Argued May 21, 1951
Decided July 11, 1951
Appeal from the Supreme Court, Appellate Division, Second Department, HALLINAN, J.
Arthur Block for appellant.
Sol H. Yellin for respondent.
This case involves the application of the parol evidence rule to a contract partly oral and partly in writing.
According to plaintiff, he and defendant entered into an oral contract of employment, pursuant to which it was agreed that plaintiff was to be employed for a year, at a stipulated weekly salary plus expenses, to act as a sort of sales manager of defendant's branch office. Defendant, acknowledging a contract of employment, denied that it was for a year and pointed to a paper, entitled "TERMS AND CONDITIONS OF EMPLOYMENT", which was signed by plaintiff and which — while silent as to duties and salary — explicitly provided that the "employment shall be terminable, at any time, at the option of the Company." The document concluded with the paragraph that "The undersigned has read the foregoing and understands and agrees to all the terms and conditions therein contained."
Dismissed two weeks after he started work, plaintiff sued for wrongful discharge. The jury — instructed to decide the question as to whether the hiring was for a year or was terminable at will — returned a verdict in plaintiff's favor for $3,000. Upon appeal from the resulting judgment, the Appellate Division reversed and dismissed the complaint "on the law".
It is well settled that, where parties have reduced their bargain, or any element of it, to writing, the parol evidence rule applies to prevent its variance by parol evidence. If, therefore, the agreement is partly oral and partly written, parol evidence, while admissible to complete the written portion or to resolve some ambiguity therein, may not be used to vary or contradict its contents. (See, e.g., Thomas v. Scutt, 127 N.Y. 133, 138; Beattie v. New York Long Is. Constr. Co., 196 N.Y. 346, 355; Newburger v. American Sur. Co., 242 N.Y. 134, 142; Apparel Accessories Associates v. New York World's Fair 1940, 176 Misc. 26, 27, affd. 261 App. Div. 944, motion for leave to appeal denied 286 N.Y. 733; see, also, 3 Williston on Contracts [Rev. ed., 1936], § 633, pp. 1820-1822; § 636, pp. 1830-1832; Restatement, Contracts, § 239; Strahorn, The Unity of the Parol Evidence Rule, 14 Minn. L. Rev. 20, 35-37; but cf. Corbin, The Parol Evidence Rule, 53 Yale L.J. 603, 627-628.) In the Thomas case ( supra, 127 N.Y. 133), the court pointed out that, if the writing be incomplete, parol evidence may be admitted, "not to contradict or vary, but to complete the entire agreement of which the writing was only a part" (p. 138). And Williston sums up the applicable principle in this way ( op. cit., Vol. 3, § 636, pp. 1830-1832):
"The parol evidence rule assumes agreement upon the writing in question as a complete statement of the bargain, that is, as an integration. If the parties never adopted the writing as a statement of the whole agreement, the rule does not exclude parol evidence of additional promises.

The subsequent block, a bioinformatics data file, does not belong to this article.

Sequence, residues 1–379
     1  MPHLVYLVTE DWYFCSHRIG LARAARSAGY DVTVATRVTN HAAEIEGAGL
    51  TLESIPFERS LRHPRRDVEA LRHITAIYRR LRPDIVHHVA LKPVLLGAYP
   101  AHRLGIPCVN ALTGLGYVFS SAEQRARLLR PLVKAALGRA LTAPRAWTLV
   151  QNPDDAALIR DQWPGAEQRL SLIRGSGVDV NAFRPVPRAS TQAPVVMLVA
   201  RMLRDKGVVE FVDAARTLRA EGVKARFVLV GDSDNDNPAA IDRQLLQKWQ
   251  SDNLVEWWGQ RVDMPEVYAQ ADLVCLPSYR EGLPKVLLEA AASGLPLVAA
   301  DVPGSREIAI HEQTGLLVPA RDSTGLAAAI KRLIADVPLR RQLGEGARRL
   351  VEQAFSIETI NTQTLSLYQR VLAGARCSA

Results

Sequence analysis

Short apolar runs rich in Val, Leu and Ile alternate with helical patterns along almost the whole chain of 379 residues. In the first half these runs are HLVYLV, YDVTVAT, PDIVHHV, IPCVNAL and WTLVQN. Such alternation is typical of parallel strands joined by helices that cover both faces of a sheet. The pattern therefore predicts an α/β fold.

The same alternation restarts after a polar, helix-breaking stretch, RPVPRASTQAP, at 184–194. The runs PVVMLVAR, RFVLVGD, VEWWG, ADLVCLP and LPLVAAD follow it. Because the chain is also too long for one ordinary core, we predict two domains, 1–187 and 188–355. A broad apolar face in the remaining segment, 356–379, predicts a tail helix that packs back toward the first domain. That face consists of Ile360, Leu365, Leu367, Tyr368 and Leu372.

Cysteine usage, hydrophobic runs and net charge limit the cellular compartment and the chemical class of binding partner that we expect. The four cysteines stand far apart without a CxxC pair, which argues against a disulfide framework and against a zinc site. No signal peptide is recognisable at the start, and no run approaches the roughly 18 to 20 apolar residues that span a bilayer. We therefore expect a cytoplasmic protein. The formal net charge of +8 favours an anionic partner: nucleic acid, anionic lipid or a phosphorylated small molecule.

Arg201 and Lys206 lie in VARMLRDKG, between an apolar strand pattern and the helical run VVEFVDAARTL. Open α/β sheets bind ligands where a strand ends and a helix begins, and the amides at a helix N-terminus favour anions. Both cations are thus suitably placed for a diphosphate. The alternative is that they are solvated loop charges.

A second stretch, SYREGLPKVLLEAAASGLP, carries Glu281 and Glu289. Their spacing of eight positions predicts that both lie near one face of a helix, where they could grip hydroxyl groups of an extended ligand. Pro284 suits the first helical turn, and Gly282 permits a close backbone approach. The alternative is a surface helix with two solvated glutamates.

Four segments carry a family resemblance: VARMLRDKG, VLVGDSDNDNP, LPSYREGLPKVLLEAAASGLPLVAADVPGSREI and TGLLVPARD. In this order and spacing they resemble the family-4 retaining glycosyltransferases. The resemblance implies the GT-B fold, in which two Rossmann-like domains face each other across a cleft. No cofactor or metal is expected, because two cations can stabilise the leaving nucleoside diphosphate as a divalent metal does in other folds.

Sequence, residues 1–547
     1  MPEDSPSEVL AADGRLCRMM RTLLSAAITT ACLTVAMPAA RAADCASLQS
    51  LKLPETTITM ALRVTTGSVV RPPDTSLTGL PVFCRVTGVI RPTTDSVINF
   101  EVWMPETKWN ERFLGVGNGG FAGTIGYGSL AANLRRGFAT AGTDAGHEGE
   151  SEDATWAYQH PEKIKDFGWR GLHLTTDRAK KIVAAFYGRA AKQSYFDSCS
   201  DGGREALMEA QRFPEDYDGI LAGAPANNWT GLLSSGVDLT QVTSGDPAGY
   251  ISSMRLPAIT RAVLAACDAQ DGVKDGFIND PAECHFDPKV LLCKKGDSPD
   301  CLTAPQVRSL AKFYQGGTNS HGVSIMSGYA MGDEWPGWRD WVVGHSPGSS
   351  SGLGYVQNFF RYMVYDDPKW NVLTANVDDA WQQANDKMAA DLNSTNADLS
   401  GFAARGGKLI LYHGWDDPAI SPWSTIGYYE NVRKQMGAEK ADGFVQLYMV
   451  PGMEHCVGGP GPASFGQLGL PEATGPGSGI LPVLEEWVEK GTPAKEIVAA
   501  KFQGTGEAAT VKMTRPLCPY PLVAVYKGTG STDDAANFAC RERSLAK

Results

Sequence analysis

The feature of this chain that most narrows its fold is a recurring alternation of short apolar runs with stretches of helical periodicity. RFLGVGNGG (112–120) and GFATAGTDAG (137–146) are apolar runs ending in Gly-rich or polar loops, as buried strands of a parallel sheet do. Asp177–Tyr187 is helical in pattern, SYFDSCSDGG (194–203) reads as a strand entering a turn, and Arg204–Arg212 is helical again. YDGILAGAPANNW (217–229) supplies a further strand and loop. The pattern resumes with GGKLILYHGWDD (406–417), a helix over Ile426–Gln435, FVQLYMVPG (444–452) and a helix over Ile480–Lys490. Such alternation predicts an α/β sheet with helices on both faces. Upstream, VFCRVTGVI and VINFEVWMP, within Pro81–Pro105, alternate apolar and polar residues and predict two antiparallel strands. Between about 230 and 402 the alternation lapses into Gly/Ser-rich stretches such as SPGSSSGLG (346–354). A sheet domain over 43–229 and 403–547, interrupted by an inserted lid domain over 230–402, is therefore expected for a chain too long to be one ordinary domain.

"It should be observed, however, that a writing though incomplete may, nevertheless, be adopted as the expression by the parties of that portion of their agreement to which it relates. Accordingly, if a contract is even partially reduced to writing, the written portion is no more subject to contradiction by parol than the entire contract would be had it been wholly reduced to writing."
The same rule applies, of course, to employment cases. (See, e.g., Hendricks v. Clements, 195 App. Div. 144, 149-150; Leifer v. Scheinman, 179 App. Div. 665, 667.) In the Leifer case ( supra, 179 App. Div. 665), for instance, the writing dealt with the salary to be paid plaintiff, but not with his duties or with the period of his employment. In a suit for damages for an alleged wrongful discharge, he sought to show that the hiring was for a year. In holding that such evidence was properly admitted since it did not contradict any element of the bargain as reflected in the writing, the Appellate Division wrote that, "while parol evidence cannot be received to contradict or vary the terms of the contract," it may be received — if there was some part of the agreement not embodied in the writing — to supply omitted items and to show the full agreement (p. 667).
The case before us falls squarely within the compass of those decisions, for the writing signed by plaintiff is in no sense a mere memorandum or note to which the parol evidence rule does not apply. (Cf., e.g., Friedman Co. v. Newman, 255 N.Y. 340, 344; Mesibov, Glinert Levy, Inc., v. Cohen Bros. Mfg. Co., 245 N.Y. 305, 313; also, 9 Wigmore on Evidence, § 2429, pp. 95-96.) Here, we have a written instrument which deals with the duration of plaintiff's employment and another item not here relevant. Since there was thus reduced to writing by the parties a particular segment of their bargain, parol evidence was permissible to fill in the other elements and complete the agreement but not to contradict the expressed provision that plaintiff's employment was "terminable, at any time", at the employer's option.
The judgment of the Appellate Division should be affirmed, with costs.
LOUGHRAN, Ch. J., LEWIS, CONWAY, DESMOND, DYE and FROESSEL, JJ., concur.